As cannabidiol (CBD) use rises, high-quality randomized clinical trials are needed to determine if anti-inflammatory benefits of CBD for heart disease seen in preclinical data will work in a real-world setting, according to research presented at ACC Latin America 2022 Together with CardioAcademic. A review of existing studies found no clinical recommendations can be made given current evidence. ACC Latin America 2022 Together with CardioAcademic will be held in Mexico City on September 9-10, 2022.
"Cannabidiol and medical cannabis use, alongside its many products, has increased considerably in the last decade. Nonetheless, there are few indications for its use based on good clinical trials. Here we seek to provide preclinical evidence, which ultimately serves as the cornerstone to establishing well-designed clinical trials in humans to prove the effect of CBD on coronary syndromes with strong scientific evidence," said Mario Esteban Zúñiga Ayala, MD, a cardiology fellow at Hospital Regional 1 o de Octubre ISSSTE in Mexico City and the study's primary author. "CBD has substantial evidence for the following conditions: pain, cachexia, nausea and vomiting, multiple sclerosis spasticity and, most recently, epilepsy. Its pharmacological profile shows it is safe and well-tolerated in humans, although it has well-described side effects. But the interaction with other medications often used by cardiologists, such as anticoagulation and anti-platelet drugs, is not well-known."
CBD is derived from Cannabis species, commonly called marijuana, with non-psychoactive activity. It also has analgesic, anti-inflammatory, antineoplastic and chemopreventive activities. According to the researchers, trends indicate that marijuana is the most used substance compared to other drugs like cocaine, heroin, etc. As usage grows, many heart disease patients may consider using these products.
"Medical marijuana and CBD may be of interest as it is advertised and anecdotally distributed as a treatment for many conditions with possible and inconclusive evidence like glaucoma, Alzheimer's disease, Parkinson's disease, anxiety and depression, inflammatory bowel disease and many other conditions that lack clinical data," Zúñiga Ayala said.
Due to the anti-inflammatory properties of CBD, the study sought to examine its potential role in reducing myocardial ischemia, a condition in which reduced blood flow to the heart may result in chest pain, heart failure and heart attack as the heart works harder to pump blood and oxygen. The researchers used the "Preferred Reporting Items for Systematic Reviews and Meta-Analysis" guidelines to perform a systematic search of the PubMed database up to April 2022 using predefined search terms. Nine preclinical studies were included in the review, but no quality randomized control trials (RCTs) for the use of CBD in acute or chronic coronary syndromes were found.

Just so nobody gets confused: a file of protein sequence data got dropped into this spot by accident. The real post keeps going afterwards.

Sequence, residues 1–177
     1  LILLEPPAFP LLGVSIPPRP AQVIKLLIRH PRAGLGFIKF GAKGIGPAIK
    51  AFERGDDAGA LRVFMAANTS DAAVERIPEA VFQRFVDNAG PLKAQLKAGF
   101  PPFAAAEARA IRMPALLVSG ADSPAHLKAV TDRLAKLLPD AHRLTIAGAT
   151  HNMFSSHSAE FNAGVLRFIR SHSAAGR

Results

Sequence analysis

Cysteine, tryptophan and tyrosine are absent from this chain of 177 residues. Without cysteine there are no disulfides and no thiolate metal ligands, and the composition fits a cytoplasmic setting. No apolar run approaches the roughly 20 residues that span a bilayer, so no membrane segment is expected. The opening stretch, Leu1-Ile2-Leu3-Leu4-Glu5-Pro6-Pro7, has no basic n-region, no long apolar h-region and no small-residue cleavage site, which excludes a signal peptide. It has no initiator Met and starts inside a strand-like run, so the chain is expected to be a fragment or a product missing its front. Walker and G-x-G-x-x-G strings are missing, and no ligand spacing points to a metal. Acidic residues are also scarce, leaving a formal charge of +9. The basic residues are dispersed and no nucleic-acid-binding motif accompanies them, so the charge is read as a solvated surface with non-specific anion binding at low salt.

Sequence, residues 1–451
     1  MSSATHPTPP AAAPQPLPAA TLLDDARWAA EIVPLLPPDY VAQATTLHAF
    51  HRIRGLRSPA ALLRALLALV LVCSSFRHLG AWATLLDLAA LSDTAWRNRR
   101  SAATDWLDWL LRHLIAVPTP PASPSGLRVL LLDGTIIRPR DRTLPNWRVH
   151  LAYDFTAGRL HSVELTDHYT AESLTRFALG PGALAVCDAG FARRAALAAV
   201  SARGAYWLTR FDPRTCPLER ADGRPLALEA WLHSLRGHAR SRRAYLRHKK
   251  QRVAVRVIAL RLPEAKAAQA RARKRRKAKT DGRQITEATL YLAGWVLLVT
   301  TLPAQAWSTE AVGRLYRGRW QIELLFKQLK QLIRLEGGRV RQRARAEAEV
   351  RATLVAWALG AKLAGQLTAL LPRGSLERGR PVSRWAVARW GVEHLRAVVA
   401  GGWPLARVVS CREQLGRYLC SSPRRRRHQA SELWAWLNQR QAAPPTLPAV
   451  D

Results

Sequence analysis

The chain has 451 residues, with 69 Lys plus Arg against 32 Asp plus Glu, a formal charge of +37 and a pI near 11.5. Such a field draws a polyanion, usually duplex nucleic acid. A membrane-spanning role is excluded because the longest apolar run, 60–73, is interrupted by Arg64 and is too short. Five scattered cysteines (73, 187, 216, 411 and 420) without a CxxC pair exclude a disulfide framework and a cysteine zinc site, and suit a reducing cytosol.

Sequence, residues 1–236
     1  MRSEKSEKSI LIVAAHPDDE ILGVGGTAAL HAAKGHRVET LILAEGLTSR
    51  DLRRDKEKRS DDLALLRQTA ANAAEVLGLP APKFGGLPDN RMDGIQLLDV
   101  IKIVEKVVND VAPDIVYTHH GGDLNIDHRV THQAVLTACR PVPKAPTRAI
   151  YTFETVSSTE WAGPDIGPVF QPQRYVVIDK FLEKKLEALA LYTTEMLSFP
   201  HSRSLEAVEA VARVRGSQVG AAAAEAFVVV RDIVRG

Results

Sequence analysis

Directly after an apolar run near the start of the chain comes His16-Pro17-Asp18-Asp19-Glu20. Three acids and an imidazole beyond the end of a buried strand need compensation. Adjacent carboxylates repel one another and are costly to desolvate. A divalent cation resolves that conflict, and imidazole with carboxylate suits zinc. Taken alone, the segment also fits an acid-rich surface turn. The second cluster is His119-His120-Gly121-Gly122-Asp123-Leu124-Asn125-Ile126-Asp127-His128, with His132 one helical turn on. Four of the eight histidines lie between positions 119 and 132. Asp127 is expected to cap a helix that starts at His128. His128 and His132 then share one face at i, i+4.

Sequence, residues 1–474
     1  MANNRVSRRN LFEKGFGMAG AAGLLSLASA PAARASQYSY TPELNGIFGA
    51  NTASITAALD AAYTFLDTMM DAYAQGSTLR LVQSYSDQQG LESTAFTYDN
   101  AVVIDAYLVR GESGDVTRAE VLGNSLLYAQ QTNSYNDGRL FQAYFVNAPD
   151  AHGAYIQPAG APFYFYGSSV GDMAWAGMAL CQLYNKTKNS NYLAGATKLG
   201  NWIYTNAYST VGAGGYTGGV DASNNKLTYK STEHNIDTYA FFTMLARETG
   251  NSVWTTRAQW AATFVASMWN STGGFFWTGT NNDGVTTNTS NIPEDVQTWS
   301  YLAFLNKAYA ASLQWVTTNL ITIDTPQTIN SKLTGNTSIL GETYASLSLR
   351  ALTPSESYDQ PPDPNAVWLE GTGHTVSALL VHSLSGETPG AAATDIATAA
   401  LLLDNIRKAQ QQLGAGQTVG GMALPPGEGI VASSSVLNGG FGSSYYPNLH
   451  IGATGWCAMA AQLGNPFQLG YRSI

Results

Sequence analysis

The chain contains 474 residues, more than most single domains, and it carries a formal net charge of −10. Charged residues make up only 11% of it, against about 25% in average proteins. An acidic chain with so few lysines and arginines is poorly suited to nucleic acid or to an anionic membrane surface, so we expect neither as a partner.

A review of the nine preclinical studies found reproducible cardiovascular outcomes in in-vivo studies with CBD. Some of the mechanisms for the findings included reduction in oxidative stress and inflammation.
"CBD also showed promising results in experimental models of ischemia and reperfusion lesion, myocardial infarction, arrhythmias and metabolic syndrome-like conditions," Zúñiga Ayala said.
According to the researchers, preclincal evidence on CBD and its use in ischemic heart disease is robust enough to propose well-designed clinical trials in humans in the setting of coronary syndromes.
"CBD is not a miraculous drug. If taking any other medications, try to seek a specialist on medical cannabis to advise you if you are a candidate to take CBD. Always ask for interactions with your previously prescribed medications and do not suspend any drug prescribed by your physician," Zúñiga Ayala said. "If buying CBD always look for well-established dispensaries. Clinicians should be aware of the unreliability, purity and dosage of CBD in products. A recent study of 84 CBD products bought online showed that more than a quarter of the products contained less CBD than labeled. In addition, THC was found in 18 products. THC containing products could potentially cause harm to heart disease patients."
American College of Cardiology
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Tags: Anti-Inflammatory, Anxiety, Blood, Cachexia, Cannabidiol, Cannabis, Cardiology, Chest Pain, Chronic, Depression, Drugs, Education, Epilepsy, Glaucoma, Heart, Heart Attack, Heart Disease, Heart Failure, Heroin, Hospital, Inflammation, Inflammatory Bowel Disease, Ischemic Heart Disease, Metabolic Syndrome, Multiple Sclerosis, Myocardial Infarction, Nausea, Oxidative Stress, Oxygen, Pain, Parkinson's Disease, Platelet, Preclinical, Research, Sclerosis, Spasticity, Stress, Syndrome, Vomiting
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